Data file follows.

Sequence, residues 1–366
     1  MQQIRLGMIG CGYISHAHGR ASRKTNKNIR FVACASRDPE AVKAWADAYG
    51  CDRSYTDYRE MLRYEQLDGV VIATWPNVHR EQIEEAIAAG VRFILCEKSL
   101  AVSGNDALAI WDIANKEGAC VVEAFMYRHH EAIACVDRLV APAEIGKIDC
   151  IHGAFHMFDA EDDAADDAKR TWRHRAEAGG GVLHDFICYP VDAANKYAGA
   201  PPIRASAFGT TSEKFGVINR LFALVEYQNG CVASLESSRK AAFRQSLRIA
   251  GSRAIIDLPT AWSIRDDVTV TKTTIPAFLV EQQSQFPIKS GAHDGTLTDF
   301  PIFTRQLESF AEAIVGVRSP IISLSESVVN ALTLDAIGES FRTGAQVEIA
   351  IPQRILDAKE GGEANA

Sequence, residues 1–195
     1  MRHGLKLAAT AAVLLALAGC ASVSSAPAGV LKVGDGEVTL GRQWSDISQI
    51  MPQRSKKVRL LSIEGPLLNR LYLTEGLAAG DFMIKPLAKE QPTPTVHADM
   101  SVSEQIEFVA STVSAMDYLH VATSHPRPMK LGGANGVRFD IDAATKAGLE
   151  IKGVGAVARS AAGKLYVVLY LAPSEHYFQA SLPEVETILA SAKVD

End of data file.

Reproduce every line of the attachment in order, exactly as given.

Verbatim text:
Sequence, residues 1–366
     1  MQQIRLGMIG CGYISHAHGR ASRKTNKNIR FVACASRDPE AVKAWADAYG
    51  CDRSYTDYRE MLRYEQLDGV VIATWPNVHR EQIEEAIAAG VRFILCEKSL
   101  AVSGNDALAI WDIANKEGAC VVEAFMYRHH EAIACVDRLV APAEIGKIDC
   151  IHGAFHMFDA EDDAADDAKR TWRHRAEAGG GVLHDFICYP VDAANKYAGA
   201  PPIRASAFGT TSEKFGVINR LFALVEYQNG CVASLESSRK AAFRQSLRIA
   251  GSRAIIDLPT AWSIRDDVTV TKTTIPAFLV EQQSQFPIKS GAHDGTLTDF
   301  PIFTRQLESF AEAIVGVRSP IISLSESVVN ALTLDAIGES FRTGAQVEIA
   351  IPQRILDAKE GGEANA

Sequence, residues 1–195
     1  MRHGLKLAAT AAVLLALAGC ASVSSAPAGV LKVGDGEVTL GRQWSDISQI
    51  MPQRSKKVRL LSIEGPLLNR LYLTEGLAAG DFMIKPLAKE QPTPTVHADM
   101  SVSEQIEFVA STVSAMDYLH VATSHPRPMK LGGANGVRFD IDAATKAGLE
   151  IKGVGAVARS AAGKLYVVLY LAPSEHYFQA SLPEVETILA SAKVD